Book Image

Julia Programming Projects

By : Adrian Salceanu
Book Image

Julia Programming Projects

By: Adrian Salceanu

Overview of this book

Julia is a new programming language that offers a unique combination of performance and productivity. Its powerful features, friendly syntax, and speed are attracting a growing number of adopters from Python, R, and Matlab, effectively raising the bar for modern general and scientific computing. After six years in the making, Julia has reached version 1.0. Now is the perfect time to learn it, due to its large-scale adoption across a wide range of domains, including fintech, biotech, education, and AI. Beginning with an introduction to the language, Julia Programming Projects goes on to illustrate how to analyze the Iris dataset using DataFrames. You will explore functions and the type system, methods, and multiple dispatch while building a web scraper and a web app. Next, you'll delve into machine learning, where you'll build a books recommender system. You will also see how to apply unsupervised machine learning to perform clustering on the San Francisco business database. After metaprogramming, the final chapters will discuss dates and time, time series analysis, visualization, and forecasting. We'll close with package development, documenting, testing and benchmarking. By the end of the book, you will have gained the practical knowledge to build real-world applications in Julia.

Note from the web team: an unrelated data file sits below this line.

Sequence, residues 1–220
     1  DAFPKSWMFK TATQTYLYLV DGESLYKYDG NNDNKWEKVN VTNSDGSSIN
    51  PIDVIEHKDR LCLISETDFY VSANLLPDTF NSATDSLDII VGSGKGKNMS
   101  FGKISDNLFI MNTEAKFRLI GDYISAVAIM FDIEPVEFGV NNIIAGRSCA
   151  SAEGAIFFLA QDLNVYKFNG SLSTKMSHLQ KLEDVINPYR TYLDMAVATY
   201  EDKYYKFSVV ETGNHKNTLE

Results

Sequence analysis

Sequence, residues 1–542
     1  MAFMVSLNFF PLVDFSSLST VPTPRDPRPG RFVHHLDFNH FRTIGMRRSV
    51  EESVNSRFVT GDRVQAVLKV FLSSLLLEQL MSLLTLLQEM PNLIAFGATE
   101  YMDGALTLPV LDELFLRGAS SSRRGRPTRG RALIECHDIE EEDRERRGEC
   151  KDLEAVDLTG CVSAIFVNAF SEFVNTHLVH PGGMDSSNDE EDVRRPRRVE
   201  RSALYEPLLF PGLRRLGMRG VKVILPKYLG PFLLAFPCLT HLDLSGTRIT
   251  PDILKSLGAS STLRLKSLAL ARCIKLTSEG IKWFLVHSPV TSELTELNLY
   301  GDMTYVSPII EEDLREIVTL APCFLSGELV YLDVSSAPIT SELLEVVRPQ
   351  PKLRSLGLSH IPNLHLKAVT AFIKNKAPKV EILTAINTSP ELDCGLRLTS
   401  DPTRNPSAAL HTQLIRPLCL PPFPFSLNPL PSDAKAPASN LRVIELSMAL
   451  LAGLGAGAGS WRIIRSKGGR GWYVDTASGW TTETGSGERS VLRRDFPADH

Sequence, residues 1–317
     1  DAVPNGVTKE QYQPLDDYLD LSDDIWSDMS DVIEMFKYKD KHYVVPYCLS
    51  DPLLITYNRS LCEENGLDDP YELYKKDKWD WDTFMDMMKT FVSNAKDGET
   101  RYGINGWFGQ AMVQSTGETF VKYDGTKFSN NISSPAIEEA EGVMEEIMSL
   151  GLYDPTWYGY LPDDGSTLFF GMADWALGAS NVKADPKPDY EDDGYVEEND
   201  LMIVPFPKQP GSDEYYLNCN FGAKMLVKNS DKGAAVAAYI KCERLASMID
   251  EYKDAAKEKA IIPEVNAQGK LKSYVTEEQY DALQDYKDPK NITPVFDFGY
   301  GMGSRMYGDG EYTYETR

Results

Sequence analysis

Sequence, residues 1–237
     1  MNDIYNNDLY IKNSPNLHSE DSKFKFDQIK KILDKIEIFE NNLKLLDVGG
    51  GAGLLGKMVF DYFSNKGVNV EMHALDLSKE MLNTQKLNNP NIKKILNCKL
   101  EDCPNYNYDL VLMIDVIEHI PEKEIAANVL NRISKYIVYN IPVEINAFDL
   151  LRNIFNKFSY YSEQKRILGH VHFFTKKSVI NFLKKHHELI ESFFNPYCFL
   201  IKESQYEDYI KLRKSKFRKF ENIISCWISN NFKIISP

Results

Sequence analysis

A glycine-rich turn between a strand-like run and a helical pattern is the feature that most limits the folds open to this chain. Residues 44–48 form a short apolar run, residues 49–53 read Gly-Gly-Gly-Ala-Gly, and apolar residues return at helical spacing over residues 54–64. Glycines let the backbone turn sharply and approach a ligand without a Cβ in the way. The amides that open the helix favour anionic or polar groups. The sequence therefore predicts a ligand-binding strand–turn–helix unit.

Table of Contents (19 chapters)
Title Page
Copyright and Credits
About Packt

Writing a basic web crawler – take one

We're now ready to write our first fully-fledged Julia program—a simple web crawler. This first iteration will make a request for Julia's Wikipedia page, will parse it and extract all the internal URLs, storing them in an Array.

Setting up our project

The first thing we need to do is to set up a dedicated project. This is done by using Pkg. It is a very important step as it allows us to efficiently manage and version the packages on which our program depends.

For starters, we need a folder for our software. Create one—let's call it WebCrawler. I'll use Julia to make it, but you do it however you like:

julia> mkdir("WebCrawler") 
julia> cd("WebCrawler/")

Now we can use Pkg to add the dependencies. When we start a new project, we need to initialise it. This is achieved with the following:

pkg> activate .

This tells Pkg that we want to manage dependencies in the current project as opposed to doing it globally. You will notice that the...